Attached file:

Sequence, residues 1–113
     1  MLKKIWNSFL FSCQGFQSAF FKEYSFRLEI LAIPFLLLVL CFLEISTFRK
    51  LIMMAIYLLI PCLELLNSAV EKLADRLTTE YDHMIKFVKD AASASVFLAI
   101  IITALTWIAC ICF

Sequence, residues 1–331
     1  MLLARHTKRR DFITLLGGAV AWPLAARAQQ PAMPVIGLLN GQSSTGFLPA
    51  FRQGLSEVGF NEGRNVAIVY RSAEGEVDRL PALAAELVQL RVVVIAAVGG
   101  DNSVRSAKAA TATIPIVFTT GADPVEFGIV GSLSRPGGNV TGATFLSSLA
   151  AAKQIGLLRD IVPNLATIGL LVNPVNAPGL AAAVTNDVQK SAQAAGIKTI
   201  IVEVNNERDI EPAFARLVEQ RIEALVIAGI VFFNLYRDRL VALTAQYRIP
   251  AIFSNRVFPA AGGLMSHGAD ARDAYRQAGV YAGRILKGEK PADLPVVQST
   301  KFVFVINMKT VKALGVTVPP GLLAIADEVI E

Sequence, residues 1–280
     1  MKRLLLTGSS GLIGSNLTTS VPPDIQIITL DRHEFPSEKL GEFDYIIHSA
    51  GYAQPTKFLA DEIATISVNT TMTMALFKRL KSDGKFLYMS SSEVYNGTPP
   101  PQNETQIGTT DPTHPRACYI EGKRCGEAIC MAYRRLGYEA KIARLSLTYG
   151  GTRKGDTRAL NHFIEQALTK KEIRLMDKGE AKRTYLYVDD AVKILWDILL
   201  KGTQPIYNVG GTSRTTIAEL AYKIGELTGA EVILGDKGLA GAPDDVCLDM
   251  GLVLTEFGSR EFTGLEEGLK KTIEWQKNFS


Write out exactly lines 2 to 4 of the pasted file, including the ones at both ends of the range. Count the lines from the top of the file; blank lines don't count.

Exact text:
     1  MLKKIWNSFL FSCQGFQSAF FKEYSFRLEI LAIPFLLLVL CFLEISTFRK
    51  LIMMAIYLLI PCLELLNSAV EKLADRLTTE YDHMIKFVKD AASASVFLAI
   101  IITALTWIAC ICF